Massachusetts Health & Hospital Association

Juneteenth: Commemorating with Intention

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This Monday Report column was written by MHA’s Vice President of Health Equity Izzy Lopes.

Juneteenth, a portmanteau of “June” and “nineteenth,” is the federal holiday to acknowledge and commemorate the emancipation of enslaved people in the United States. It is a day to honor the contributions, culture, and experiences of Black people in the country. It was on June 19, 1865, that enslaved people were declared free in Texas – a holdout state that continued slavery even after the Emancipation Proclamation and the Civil War itself. With jubilant yells and cries ringing through the air, and kisses exuberantly doled on tear-streaked cheeks, Black people could finally envision a different life for themselves — a life that, until that moment, seemed unfathomable and out of reach, a life of freedom. The Juneteenth celebration in Galveston, Texas, reverberated throughout the country over the years, until June 19 was recognized as a national holiday in 2021. And although strides have been made to undo the brutal legacy of slavery, its political, economic, and social effects remain pronounced, persistent, and pervasive.

Juneteenth is an opportunity to reckon with these effects and engage in meaningful conversations to better understand and address the entrenched ideologies that uphold structures that propagate and promote racism, and which, by default, perpetuate inequities.

Although Juneteenth is regarded as the second Independence Day of the U.S., many Americans do not know its significance nor what it means to commemorate the day. Similarly, many organizations are still identifying the most meaningful ways to acknowledge this historically significant day.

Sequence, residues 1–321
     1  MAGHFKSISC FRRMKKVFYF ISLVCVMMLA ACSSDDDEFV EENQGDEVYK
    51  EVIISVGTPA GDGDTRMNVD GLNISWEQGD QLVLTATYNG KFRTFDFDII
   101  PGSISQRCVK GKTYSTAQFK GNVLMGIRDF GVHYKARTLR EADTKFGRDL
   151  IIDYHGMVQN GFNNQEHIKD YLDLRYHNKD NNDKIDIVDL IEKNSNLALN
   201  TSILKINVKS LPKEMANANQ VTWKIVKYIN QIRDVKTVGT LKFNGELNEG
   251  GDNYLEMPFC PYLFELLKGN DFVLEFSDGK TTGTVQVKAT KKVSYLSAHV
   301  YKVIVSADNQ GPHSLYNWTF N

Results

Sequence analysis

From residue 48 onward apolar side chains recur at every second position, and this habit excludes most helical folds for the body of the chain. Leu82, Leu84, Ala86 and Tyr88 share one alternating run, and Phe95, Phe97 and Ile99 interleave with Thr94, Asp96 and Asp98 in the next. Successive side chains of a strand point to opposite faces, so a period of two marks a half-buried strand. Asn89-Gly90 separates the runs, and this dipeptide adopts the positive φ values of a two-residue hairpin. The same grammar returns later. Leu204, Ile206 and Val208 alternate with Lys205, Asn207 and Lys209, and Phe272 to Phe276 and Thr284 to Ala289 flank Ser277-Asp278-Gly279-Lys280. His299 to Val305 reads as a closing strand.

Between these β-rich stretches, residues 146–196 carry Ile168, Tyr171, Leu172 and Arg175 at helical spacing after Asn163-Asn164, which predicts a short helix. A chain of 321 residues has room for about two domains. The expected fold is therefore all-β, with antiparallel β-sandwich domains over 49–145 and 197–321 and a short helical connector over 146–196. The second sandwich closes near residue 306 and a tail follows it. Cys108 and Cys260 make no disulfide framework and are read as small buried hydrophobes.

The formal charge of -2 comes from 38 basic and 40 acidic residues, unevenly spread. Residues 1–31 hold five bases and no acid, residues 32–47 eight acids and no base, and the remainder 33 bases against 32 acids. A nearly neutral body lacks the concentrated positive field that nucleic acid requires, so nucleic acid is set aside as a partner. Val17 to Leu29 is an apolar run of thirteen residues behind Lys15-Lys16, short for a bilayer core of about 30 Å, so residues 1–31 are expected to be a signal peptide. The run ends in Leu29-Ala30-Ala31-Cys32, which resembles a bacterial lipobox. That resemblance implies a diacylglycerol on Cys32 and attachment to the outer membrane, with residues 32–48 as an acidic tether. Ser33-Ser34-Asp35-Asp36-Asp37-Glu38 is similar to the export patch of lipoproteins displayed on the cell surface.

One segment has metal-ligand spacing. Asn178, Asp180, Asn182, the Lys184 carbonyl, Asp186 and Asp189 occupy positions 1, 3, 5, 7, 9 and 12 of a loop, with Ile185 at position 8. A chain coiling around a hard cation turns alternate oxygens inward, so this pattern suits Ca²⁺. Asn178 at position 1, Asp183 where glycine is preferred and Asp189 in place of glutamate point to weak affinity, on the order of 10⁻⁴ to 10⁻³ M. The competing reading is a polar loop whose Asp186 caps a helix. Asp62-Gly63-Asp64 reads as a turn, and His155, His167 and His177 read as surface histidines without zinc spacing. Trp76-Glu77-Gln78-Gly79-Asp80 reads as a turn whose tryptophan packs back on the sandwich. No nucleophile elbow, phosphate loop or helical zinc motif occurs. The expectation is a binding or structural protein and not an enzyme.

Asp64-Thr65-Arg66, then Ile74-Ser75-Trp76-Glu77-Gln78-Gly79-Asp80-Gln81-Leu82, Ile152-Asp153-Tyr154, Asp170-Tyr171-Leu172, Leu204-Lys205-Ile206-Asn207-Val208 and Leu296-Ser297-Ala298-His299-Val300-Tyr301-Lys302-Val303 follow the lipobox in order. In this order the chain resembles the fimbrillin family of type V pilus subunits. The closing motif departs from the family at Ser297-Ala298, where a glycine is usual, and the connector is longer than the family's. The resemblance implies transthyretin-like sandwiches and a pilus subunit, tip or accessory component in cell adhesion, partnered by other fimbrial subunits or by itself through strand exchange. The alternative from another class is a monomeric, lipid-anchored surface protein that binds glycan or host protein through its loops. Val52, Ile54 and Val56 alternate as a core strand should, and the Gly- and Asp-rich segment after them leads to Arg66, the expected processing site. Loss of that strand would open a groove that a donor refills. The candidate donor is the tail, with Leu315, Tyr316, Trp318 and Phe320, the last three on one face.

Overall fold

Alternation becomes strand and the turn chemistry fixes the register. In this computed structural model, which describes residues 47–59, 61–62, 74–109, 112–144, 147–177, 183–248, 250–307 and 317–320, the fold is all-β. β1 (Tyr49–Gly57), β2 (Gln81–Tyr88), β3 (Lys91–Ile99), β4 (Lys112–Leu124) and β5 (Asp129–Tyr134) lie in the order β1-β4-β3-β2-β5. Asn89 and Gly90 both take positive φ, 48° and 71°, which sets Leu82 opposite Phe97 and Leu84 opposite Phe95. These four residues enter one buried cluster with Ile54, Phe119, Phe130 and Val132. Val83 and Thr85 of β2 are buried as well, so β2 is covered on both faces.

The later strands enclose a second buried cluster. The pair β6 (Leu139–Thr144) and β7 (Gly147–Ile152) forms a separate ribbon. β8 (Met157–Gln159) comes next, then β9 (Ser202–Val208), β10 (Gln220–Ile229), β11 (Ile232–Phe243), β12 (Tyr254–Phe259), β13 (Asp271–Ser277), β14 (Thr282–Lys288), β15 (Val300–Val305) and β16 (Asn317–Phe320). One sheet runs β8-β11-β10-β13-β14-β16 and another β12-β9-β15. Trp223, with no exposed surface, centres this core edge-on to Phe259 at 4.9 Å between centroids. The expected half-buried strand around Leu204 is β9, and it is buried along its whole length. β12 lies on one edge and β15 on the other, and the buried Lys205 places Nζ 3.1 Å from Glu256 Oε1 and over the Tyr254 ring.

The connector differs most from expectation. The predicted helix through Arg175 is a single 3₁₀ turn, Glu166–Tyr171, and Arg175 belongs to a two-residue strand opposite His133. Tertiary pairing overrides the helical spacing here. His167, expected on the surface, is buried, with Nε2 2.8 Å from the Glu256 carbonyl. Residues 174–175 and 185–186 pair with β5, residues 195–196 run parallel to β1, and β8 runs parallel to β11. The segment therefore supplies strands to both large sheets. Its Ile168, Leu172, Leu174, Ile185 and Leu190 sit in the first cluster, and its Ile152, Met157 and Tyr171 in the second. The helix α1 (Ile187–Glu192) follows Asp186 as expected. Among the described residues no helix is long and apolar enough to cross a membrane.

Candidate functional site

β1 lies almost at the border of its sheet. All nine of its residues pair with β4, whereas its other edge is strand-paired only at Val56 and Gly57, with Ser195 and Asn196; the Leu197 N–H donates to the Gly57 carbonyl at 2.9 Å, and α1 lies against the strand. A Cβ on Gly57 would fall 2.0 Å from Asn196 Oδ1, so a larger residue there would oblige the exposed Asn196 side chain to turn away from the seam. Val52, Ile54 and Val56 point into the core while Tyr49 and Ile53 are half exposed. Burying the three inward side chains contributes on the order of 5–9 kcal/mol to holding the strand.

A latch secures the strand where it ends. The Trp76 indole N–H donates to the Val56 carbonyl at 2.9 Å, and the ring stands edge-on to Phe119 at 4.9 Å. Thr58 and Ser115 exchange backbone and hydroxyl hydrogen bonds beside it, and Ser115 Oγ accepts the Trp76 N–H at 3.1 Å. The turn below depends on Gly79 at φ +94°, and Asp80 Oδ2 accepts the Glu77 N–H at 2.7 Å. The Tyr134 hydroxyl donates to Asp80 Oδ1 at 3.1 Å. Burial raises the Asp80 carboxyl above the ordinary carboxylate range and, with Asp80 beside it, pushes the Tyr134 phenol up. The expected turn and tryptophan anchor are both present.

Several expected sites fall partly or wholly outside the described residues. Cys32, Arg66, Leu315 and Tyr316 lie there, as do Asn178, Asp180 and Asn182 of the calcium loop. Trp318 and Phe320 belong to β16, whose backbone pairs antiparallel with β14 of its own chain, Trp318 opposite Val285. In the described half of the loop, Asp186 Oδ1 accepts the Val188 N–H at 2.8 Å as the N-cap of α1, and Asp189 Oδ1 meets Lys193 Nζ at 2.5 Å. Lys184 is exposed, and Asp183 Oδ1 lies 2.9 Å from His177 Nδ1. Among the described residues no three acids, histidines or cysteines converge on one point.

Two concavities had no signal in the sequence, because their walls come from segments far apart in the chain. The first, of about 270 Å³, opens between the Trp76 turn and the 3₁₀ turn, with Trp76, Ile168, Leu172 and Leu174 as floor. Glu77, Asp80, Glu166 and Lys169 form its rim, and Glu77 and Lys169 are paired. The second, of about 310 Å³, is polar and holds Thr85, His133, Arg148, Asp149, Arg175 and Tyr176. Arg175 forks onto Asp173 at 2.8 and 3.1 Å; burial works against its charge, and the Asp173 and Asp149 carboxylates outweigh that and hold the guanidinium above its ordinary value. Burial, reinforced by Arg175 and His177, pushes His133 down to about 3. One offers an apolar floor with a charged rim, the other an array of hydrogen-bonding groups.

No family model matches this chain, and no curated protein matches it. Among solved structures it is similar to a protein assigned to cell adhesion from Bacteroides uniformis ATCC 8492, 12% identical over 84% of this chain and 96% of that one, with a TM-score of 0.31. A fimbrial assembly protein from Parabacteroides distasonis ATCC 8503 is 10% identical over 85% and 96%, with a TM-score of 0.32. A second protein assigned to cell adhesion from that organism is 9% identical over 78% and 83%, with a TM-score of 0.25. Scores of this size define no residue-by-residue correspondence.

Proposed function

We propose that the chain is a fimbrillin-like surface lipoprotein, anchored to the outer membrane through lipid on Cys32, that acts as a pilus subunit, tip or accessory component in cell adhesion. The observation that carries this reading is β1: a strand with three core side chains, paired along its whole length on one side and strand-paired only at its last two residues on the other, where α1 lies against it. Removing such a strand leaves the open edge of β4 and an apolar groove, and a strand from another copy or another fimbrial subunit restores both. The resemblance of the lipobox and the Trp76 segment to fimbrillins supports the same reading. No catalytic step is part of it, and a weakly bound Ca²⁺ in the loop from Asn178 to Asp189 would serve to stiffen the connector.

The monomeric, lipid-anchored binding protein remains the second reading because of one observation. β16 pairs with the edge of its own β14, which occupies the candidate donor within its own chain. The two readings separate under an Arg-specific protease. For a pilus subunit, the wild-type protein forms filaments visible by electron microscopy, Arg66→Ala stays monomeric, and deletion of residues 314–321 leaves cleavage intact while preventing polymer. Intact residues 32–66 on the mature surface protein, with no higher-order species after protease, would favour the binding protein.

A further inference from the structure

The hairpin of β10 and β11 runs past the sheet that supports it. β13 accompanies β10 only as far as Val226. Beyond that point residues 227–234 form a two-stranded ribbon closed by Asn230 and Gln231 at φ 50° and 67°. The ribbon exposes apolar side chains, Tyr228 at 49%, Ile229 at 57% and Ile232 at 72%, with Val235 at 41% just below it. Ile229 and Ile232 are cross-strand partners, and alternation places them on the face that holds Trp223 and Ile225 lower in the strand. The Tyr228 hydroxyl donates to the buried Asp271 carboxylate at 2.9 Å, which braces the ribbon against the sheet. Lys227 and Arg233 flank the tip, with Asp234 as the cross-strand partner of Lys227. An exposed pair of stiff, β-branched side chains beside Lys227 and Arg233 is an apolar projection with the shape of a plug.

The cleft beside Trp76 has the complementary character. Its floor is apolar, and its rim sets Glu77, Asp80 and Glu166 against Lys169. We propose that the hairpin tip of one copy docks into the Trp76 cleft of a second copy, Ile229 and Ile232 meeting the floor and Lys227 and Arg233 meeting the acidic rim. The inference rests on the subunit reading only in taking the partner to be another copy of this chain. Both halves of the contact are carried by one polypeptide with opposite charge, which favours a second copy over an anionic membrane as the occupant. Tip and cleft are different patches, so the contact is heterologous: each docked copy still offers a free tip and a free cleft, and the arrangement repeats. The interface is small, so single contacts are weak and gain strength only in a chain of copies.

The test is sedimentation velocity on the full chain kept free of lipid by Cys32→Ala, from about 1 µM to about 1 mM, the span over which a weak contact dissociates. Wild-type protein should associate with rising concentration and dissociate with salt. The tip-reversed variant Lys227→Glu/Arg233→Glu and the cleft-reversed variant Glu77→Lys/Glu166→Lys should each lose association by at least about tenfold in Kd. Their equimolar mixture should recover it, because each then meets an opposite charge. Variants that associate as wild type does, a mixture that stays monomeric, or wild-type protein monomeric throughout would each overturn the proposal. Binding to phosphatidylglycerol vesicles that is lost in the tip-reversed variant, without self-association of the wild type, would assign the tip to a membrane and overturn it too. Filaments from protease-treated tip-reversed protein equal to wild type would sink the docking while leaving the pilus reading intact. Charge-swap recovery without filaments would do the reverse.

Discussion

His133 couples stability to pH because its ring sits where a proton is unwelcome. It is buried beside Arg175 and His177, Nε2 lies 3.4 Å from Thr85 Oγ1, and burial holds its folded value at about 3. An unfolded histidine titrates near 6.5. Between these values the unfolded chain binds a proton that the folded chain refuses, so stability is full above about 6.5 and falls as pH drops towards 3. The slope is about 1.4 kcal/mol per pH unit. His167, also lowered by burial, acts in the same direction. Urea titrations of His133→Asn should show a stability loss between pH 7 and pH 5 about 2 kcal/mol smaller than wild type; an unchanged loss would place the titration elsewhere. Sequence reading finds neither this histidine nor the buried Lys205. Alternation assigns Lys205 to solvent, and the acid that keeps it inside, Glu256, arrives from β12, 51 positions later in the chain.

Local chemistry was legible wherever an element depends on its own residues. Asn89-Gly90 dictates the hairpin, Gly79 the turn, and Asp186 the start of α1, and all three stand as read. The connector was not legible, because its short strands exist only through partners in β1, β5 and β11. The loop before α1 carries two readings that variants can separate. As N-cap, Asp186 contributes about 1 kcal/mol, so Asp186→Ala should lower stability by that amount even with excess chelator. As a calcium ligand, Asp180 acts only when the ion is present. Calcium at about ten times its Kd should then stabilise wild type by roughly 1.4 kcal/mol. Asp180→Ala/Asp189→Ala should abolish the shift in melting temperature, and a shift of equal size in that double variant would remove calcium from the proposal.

So what does it mean to “commemorate” Juneteenth? How can organizations meaningfully and willfully show honor for the day in a way which exceeds performative acts and goes beyond the actual day? Although there is no correct answer to this question, one way would be for them to engage in discourse that allow difficult conversations about the genesis for Juneteenth to take place. To this end, organizations, both within and outside of healthcare, can:

  1. Create ongoing opportunities and safe spaces for staff to engage in conversations about race, racism, and racial justice.
  2. Engage with the community and/or community partners in meaningful dialogues about the effects of systemic racism and the organization’s strategy in approach in addressing disparities.
  3. Engage with staff and the community to create an anti-racism statement and/or consider an anti-racism pledge.

In reflecting on Juneteenth this year and beyond, it is vital that we go beyond “passive moments of reflection” and use Juneteenth as a transformative opportunity. Only then will we able to realize an equitable and just care ecosystem and society.